Everyone is against red tape and vows to cut it back. Yet, year after year, there’s more red tape, regulation and form-filling than ever before. The trouble is that each instance of red tape and its ilk is usually tiny in the greater scheme of things and is spun strand by strand by otherwise insignificant busybodies nagged by vested interests. Over the long run, though, these strands together hold down the greater Gulliver.

We wish the British government all the best in cutting through this tangled web – call us when the job’s done. In the meantime, here’s a piece of advice to make things easier. While you’re hacking away, make sure the minions behind you aren’t spinning more tape.

The Guardian reported last week that HMRC is planning raids on fashion companies to ferret out interns “at ‘high risk’ of abuse under national minimum wage laws.” It seems HMRC has convened a 12-person “dynamic response” unit to make unannounced inspections of businesses where interns are being used as workers rather than just shadowing staff.

We all know where this is headed. The threat of raids will mean companies stopping internships whether these companies are “abusive” or not. What small company needs the hassle of proving innocence or defending alleged guilt?

Pretty soon, the cry will go out that there’s no internships in the land and a national “intern partnership” with business will be launched, complete with legislation, regulations, budgets, ministers and bureaucrats. It won’t take long for someone to learn that access to internships isn’t “fair” so more regulations will dictate that daddy’s friend can’t take on his daughter for the summer. Then someone will notice that the quality of internships is a “post code lottery” so there’ll be equalising funds for the intern-challenged regions. And let’s not forget the massed ranks of equality champions, seeking for new pastures.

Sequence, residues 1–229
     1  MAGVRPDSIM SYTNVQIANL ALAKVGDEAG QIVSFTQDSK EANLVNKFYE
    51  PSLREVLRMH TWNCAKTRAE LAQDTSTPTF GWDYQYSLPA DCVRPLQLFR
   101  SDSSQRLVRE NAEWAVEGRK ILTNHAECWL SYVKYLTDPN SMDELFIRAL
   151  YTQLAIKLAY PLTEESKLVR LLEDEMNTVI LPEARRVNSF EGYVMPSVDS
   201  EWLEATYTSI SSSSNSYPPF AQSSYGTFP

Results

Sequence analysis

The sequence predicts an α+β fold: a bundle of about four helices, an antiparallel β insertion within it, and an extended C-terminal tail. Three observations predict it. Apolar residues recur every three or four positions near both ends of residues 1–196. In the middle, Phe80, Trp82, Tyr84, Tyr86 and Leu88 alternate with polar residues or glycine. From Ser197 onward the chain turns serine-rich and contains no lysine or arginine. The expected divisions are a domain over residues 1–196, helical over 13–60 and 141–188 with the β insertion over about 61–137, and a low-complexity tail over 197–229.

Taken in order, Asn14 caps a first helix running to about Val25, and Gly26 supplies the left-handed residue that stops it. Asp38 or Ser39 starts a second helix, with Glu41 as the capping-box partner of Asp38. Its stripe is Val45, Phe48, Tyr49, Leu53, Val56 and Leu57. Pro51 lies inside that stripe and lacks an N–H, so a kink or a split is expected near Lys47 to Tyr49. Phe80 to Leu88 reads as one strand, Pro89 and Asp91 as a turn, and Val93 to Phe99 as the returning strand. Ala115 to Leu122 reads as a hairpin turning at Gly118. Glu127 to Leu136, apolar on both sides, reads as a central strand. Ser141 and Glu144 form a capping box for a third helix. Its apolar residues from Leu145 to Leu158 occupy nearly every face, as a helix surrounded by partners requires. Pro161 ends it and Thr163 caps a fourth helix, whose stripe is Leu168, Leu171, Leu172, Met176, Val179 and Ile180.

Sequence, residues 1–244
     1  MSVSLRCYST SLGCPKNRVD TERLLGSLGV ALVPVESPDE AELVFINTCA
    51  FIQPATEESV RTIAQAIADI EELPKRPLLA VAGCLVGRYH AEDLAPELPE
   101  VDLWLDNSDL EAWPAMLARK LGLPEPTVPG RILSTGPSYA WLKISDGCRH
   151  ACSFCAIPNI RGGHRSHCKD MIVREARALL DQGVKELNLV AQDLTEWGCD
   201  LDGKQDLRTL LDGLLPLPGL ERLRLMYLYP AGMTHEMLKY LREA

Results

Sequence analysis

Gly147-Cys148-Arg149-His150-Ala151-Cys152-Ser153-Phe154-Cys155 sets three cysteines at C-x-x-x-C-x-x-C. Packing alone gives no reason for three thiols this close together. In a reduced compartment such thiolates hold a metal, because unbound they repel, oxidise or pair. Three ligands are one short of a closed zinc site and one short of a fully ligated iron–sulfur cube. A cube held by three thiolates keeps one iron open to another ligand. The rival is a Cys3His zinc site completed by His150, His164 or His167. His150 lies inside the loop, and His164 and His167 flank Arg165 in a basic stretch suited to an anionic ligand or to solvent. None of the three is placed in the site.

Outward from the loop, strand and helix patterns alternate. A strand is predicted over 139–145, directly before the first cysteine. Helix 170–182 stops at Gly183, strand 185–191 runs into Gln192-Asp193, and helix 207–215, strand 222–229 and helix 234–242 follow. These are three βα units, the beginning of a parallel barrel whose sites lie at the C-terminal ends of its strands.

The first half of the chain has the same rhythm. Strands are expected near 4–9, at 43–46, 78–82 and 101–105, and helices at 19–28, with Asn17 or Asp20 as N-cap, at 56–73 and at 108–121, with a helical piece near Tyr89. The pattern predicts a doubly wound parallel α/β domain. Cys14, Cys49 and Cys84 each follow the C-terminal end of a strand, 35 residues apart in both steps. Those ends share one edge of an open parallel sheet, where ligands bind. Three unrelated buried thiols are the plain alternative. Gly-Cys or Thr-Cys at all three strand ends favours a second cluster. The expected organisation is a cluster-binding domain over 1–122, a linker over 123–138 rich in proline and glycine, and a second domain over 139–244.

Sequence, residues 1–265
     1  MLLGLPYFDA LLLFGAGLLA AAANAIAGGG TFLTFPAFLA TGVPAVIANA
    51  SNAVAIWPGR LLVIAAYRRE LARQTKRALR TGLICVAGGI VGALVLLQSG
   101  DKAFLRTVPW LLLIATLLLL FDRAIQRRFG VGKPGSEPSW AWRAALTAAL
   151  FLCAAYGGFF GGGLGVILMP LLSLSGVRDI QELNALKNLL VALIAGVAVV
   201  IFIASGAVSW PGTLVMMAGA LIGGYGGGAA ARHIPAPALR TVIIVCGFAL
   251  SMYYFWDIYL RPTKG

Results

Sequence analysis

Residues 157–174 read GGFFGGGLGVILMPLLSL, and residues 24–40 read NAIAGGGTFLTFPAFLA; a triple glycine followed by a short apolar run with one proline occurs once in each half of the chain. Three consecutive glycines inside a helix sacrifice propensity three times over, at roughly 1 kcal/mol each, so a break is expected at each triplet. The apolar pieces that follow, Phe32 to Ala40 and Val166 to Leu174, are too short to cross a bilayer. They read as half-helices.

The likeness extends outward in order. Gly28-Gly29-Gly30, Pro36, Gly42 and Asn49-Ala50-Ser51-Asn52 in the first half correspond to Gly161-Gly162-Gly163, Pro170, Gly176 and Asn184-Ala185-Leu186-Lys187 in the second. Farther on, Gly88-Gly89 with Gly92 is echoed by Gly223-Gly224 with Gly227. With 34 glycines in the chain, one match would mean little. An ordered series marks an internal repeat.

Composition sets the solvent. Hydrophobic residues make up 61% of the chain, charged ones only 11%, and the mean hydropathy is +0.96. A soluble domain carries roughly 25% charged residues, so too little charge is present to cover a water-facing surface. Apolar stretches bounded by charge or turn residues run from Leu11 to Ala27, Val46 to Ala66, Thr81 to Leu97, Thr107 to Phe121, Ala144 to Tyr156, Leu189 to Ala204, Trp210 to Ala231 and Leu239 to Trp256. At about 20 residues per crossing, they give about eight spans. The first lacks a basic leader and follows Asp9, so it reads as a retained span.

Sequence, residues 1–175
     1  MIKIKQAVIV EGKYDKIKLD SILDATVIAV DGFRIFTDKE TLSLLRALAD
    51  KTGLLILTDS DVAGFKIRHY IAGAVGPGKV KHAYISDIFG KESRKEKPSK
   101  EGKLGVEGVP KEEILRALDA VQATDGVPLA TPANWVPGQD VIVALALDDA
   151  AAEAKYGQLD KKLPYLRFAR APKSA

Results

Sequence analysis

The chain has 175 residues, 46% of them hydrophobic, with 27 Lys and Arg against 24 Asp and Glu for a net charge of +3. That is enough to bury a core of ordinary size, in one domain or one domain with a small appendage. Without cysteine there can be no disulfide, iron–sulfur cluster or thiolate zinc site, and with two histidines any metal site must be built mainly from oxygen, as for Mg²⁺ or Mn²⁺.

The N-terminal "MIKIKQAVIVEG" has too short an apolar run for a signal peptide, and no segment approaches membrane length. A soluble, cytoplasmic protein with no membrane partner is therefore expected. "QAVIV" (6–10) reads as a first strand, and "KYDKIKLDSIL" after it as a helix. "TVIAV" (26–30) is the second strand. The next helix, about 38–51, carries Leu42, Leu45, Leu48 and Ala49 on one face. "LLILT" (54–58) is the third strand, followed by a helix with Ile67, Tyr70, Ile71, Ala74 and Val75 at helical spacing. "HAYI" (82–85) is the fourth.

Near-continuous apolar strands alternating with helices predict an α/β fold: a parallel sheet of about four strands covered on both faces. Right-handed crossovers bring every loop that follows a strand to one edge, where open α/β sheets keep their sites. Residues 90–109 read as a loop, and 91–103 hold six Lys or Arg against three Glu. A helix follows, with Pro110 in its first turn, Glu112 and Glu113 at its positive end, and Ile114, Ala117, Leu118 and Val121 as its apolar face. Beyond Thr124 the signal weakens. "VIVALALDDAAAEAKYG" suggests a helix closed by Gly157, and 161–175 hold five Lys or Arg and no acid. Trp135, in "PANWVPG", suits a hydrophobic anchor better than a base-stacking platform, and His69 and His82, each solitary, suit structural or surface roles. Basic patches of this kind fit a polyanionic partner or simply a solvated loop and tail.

HMRC commando raids to rescue intern hostages just don’t seem like a top priority. Nobody has snatched the interns off the street, bound and gagged them – they’re free to drift away and slump in front of daytime TV anytime they want. But they choose not to because they’re having more fun, learning something useful about the real world and slowly building an interesting resumé. Meanwhile, the businesses get a cheap’n’cheerful way to assess potential employees at minimal cost. That’s become more important as getting rid of bad workers grows harder due to more onerous “rights” granted to new hires.

Youth unemployment is, indeed, a problem. The cost of red tape and regulation on small business is one cause as is an uneconomic minimum wage. Call off the HMRC hounds before they make matters worse.

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